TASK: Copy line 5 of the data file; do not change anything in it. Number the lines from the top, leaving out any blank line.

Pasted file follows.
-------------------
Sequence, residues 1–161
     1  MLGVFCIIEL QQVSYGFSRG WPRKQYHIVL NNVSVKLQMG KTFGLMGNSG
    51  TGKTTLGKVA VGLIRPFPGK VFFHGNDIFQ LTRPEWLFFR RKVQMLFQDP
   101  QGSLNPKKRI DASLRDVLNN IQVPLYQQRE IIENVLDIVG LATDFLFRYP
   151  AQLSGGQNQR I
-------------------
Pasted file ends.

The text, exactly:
   151  AQLSGGQNQR I